Better way of access the stateful variables objects in the given class hierarchy

I asked this question already at stackoverflow together with a serialization related part. Since the design related part receives no answers or comments I’d like to have a review on this here.

The problem: I have a complicated class hierarchy in which the classes are similar to each other but every class contains a bunch of more or less complicated stateful variables. To give you an impression, please have a look at this minimal working example:

class OptVar:     """     Complicated stateful variable     """     def __init__(self, name="", **kwargs):         self.name = name         self.parameters = kwargs   class OptVarContainer:     """     Class which contains several OptVar objects and nested OptVarContainer     classes. Is responsible for OptVar management of its sub-OptVarContainers     with their respective OptVar objects.     """     def __init__(self, name="", **kwargs):         self.name = name         for (key, value_dict) in kwargs.items():             setattr(self, key, OptVar(name=key, **value_dict))      def getAllOptVars(self):          def addOptVarToDict(var,                             dictOfOptVars={},                             idlist=[],                             reducedkeystring=""):             """             Accumulates optimizable variables in var and its linked objects.             Ignores ring-links and double links.              @param var: object to evaluate (object)             @param dictOfOptVars: optimizable variables found so far (dict of dict of objects)             @param idlist: ids of objects already evaluated (list of int)             @param reducedkeystring: to generate the dict key (string)             """              if id(var) not in idlist:                 idlist.append(id(var))                  if isinstance(var, OptVarContainer):                     for (k, v) in var.__dict__.items():                         newredkeystring = reducedkeystring + var.name + "."                         dictOfOptVars, idlist = addOptVarToDict(v,                                                                 dictOfOptVars,                                                                 idlist,                                                                 newredkeystring)                  elif isinstance(var, OptVar):                     newreducedkeystring = reducedkeystring + var.name                     dictOfOptVars[newreducedkeystring] = var              return dictOfOptVars, idlist          (dict_opt_vars, idlist) = addOptVarToDict(self, keystring="")         return dict_opt_vars    class C(OptVarContainer):     """     Specific implementation of class OptVarContainer     """     def __init__(self, name=""):         super(C, self).__init__(name=name,                 **{"my_c_a": {"c1": 1, "c2": 2},                    "my_c_b": {"c3": 3, "c4": 4}})   class B(OptVarContainer):     """     Specific implementation of class OptVarContainer     """     def __init__(self, name=""):         super(B, self).__init__(name=name, **{"b": {"1": 1, "2": 2}})         self.c_obj = C(name="cname")   class A(OptVarContainer):     """     Specific implementation of class OptVarContainer     """     def __init__(self, name=""):         super(A, self).__init__(name=name,                 **{"a1": {"1": 1, "2": 2},                    "a2": {"a": "a", "b": "b"}})         self.b_obj = B(name="bname")   def main():     # creating OptVarContainer with some nested OptVarContainers.     my_a_obj = A(name="aname")      # It is intended behaviour to access the OptVar objects via     # scoping within the class hierarchy.     print(my_a_obj.b_obj.b.parameters)     my_a_obj.b_obj.b.parameters["2"] = 3     print(my_a_obj.b_obj.b.parameters)     print(my_a_obj.b_obj.c_obj.my_c_a.parameters["c1"])     my_a_obj.b_obj.c_obj.my_c_a.parameters["c1"] = 6     print(my_a_obj.b_obj.c_obj.my_c_a.parameters)      # This construction is quite ugly:     # a) due to the dict: order is not fixed     # b) due to recursion (and maybe lexical sorting) it is not fast     # c) goal: hand over these optvars into some numerical optimization     # via a numpy array => should be fast     optvarsdict = my_a_obj.getAllOptVars()     print(optvarsdict)   if __name__ == "__main__":     main()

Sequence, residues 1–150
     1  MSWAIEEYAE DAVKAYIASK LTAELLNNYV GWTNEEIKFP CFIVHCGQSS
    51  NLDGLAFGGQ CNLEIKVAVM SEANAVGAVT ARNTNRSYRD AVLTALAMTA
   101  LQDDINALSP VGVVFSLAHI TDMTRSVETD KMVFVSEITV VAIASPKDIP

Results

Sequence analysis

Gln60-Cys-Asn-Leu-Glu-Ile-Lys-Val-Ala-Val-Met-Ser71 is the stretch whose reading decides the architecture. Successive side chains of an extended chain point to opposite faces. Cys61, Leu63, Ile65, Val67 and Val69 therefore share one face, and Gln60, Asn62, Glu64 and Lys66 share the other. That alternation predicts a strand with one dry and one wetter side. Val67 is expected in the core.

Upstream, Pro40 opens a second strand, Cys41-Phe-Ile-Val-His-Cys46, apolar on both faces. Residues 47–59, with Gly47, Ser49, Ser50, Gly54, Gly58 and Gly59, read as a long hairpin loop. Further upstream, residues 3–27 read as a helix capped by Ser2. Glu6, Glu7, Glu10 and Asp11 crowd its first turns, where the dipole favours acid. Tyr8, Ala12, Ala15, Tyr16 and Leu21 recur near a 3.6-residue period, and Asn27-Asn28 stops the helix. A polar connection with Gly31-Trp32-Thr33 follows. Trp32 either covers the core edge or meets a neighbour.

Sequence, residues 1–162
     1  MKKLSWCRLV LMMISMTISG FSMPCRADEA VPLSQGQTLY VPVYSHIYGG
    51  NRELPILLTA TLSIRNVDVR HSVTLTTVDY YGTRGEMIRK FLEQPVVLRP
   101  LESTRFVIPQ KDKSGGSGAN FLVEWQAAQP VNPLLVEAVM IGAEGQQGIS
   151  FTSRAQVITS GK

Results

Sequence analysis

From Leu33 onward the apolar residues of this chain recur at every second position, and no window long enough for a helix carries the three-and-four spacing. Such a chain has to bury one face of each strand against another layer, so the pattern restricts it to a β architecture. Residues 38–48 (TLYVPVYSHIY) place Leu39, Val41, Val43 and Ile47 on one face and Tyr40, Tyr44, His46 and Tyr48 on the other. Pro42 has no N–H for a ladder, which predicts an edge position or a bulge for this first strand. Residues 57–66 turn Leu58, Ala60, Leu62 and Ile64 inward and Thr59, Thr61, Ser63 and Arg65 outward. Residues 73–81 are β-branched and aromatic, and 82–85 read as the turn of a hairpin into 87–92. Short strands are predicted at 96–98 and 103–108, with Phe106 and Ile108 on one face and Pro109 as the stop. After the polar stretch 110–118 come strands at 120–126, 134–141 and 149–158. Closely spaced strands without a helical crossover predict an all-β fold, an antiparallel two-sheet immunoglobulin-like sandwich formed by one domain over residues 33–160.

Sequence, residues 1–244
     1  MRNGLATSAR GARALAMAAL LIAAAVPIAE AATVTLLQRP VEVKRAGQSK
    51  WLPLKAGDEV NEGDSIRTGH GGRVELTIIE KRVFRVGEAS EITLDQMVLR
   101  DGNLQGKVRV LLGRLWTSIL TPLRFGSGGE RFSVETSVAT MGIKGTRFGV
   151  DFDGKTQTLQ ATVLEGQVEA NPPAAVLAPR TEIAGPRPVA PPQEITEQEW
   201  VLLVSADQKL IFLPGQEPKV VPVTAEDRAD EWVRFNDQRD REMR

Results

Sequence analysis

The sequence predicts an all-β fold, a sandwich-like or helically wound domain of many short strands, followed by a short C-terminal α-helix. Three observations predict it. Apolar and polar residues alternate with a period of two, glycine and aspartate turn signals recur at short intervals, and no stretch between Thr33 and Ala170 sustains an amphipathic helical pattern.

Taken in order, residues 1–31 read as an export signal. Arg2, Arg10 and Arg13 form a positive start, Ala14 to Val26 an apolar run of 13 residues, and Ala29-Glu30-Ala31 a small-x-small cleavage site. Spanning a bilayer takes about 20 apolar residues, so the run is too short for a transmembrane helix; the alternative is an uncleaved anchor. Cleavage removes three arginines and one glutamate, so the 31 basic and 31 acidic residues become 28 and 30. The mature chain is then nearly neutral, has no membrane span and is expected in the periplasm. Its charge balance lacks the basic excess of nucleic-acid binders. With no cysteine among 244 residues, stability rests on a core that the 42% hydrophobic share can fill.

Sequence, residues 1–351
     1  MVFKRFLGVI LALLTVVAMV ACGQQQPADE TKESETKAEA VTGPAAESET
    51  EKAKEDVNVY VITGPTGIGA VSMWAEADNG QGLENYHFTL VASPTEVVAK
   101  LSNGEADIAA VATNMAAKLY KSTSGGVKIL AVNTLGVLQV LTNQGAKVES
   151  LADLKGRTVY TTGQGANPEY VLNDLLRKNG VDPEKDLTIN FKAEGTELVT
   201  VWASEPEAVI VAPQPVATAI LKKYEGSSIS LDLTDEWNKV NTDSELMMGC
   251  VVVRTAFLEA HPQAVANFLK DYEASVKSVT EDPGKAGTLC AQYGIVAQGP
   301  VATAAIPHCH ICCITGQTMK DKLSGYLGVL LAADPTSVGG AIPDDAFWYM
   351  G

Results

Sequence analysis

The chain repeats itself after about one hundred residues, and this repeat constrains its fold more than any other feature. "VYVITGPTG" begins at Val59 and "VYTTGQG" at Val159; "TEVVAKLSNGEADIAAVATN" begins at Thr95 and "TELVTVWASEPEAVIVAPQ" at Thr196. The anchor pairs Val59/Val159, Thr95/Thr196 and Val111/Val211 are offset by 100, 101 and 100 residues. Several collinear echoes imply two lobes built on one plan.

The question is now: How to access the OptVar objects the best. I already thought about to use some kind of pool object and use some proxy within the class hierarchy to have a link to the pool. This pool should not be a singleton, since it should be possible to manage more than one pool at a time. Up to now the access to the OptVar variables within my own code is done via the getAllOptVars function. This is quite ugly and only considered temporary. Is there a better alternative to this function?

To summarize and clarify my goals:

  1. The class hierarchy is ok and reflects the model context of our problem
  2. The OptVars belong to each object in the hierarchy and should also stay there also due to model context
  3. The access and post processing of the OptVars (i.e. collecting them from the hierarchy and handing them over to an optimizer as a numpy array) is not considered to be optimal. There I need some suggestions on doing better (i.e. getting rid of isinstance and id queries).
  4. A nice to have would be: Decouple serialization of the OptVars and version management from the object hierarchy

I am aware that no unique solutions exist for this design problem, but I need further input on that.

The full context of this question is given here but after some discussions I separated the design part.